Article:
At the Wroclaw stadium things don’t always go as planned: the new pitch with a capacity for 43,000 people will open late… but still on time. The locals are pumped to receive thousands of footie fans from all over Europe for Euro 2012.
Football fans or not, the city of Wroclaw is increasingly becoming more and more popular as a tourist destination thanks to its interesting history and strong artistic culture. Thanks to low cost airlines, Wroclaw is more accessible now than ever.
What to see in Wroclaw
Wroclaw, with its romantic narrow streets, its old buildings, jazz and film festivals… this city is a well orchestrated mix that could around the interests of any visitor be they a young backpacker or a retired pensioner rediscovering the world. The capital of Lower Silesia is not only an exciting city to discover, it’s easy on the budget as well.
This university town along the Oder River you’ll find a total of 9 museums, 1 philharmonic orchestra, 10 theatres, innumerable historic buildings and a magical atmosphere that permeates from every street corner.
Whatever you do, don’t miss…
University: a historical building, just a stone’s throw from the river. It was built in the 17th century, commissioned by a group of Jesuit missionaries. It’s mostly just university students living in the streets surrounding the university, keeping the old Baroque houses looking young. Throughout its history, 11 Nobel Prize Winners have graduated from this school, 10 of whom were born in Wroclaw.
Rynek: this is the central square of the city, the most important square of the city. It’s surrounded by coffee shops, restaurants, shops and an old market place. The Town Hall also stands here, a beautiful 13th century construction.
St. Elizabeth Cathedral: standing tall, this basilica was built in the 11th century out of food. Obviously this would never do and was fortified by brick and stone in the 14th century. It’s tall Gothic towers make it easy to spot from just about anywhere in Wroclaw… definitely making it a lot easier to navigate yourself around the city.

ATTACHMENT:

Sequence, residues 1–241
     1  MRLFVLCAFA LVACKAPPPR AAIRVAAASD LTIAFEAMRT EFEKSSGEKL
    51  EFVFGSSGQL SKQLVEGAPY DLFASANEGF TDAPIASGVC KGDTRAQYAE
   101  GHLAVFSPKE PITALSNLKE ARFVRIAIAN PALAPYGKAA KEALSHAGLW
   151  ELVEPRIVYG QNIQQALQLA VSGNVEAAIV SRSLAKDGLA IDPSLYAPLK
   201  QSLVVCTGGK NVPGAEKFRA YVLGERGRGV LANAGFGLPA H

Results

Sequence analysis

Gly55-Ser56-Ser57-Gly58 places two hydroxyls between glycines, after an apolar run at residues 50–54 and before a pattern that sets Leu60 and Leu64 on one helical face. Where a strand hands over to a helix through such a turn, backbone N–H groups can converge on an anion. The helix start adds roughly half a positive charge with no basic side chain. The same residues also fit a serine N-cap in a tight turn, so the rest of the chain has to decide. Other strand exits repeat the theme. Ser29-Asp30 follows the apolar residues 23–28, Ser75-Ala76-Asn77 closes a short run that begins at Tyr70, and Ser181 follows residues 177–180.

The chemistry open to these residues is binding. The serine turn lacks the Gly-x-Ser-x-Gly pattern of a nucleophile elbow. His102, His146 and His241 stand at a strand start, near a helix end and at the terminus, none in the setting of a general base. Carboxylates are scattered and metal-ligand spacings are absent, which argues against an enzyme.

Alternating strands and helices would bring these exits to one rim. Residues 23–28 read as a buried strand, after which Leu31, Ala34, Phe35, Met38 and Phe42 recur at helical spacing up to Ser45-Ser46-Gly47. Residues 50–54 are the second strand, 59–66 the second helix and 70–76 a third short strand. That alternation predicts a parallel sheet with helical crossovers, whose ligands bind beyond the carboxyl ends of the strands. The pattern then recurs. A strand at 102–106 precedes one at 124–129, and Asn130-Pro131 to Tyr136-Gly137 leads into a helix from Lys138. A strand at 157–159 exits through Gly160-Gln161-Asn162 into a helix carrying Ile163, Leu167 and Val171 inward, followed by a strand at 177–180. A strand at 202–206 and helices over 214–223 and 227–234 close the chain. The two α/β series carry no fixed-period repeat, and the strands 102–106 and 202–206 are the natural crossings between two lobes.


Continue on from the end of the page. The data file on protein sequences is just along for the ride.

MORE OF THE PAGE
Gnomes: Going on an elf hunt? Apparently there are 80 tiny gnomes cast in bronze hiding all over the city thanks to an alternative movement that was born in the 1980s.
Aren’t you hungry?
Wroclaw has just about everything and anything to suit your post-football match cravings while you’re visiting Wroclaw. Stick to the local cuisine, it’s delicious we promise.
Traditions dishes cooked in traditional kitchens, ethnic choices, live music… little is missing in Wroclaw. Try Restaurancja Domowa on Kotlářská Street. Something sweet? Czekoladziarnia (on Włodkowica) or Chocoffee (on Więzienna/Igielna). Craving crepes? Check out FC Naleśniki (Kuznicza St.) and Iguana (Nożownicza St.).
No trip to Poland is complete without a few tips to a bar to taste some local beer. Some of the favourite brews from this area include Tyskie, Żywiec, Warka, Łomża and Zubr but there are plenty more. If you like German beer, try Bierhale where you’ll find a number of blonde beers on tap including some double malts.
When night falls…
…all the students pour out into the streets. Wroclaw is an exciting city with more than 140,000 students and young people.
- Forma (Mikolaja 08.11): this is a minimalist club with pretty alternative music which blasts until dawn.
- Salvador (Pl. Solny 16, corner of ul. Szajnochy): party and lounge in one, the bar was named after the famous surrealist painter as well as the owner’s passion for tequila. Relax, chat and keep the rounds coming!
How to get there
Thanks to low cost airlines, Wroclaw is not only a 2 hour flight away from London, but it’s cheap as well. Check out flights from Wizz Air and Ryanair when planning your trip to Euro 2012 cities next summer. Lufthansa and LOT Polish Airlines can also get you there from London but a number of other UK departure cities.
Have you been to Wroclaw before? Heading that way in 2012?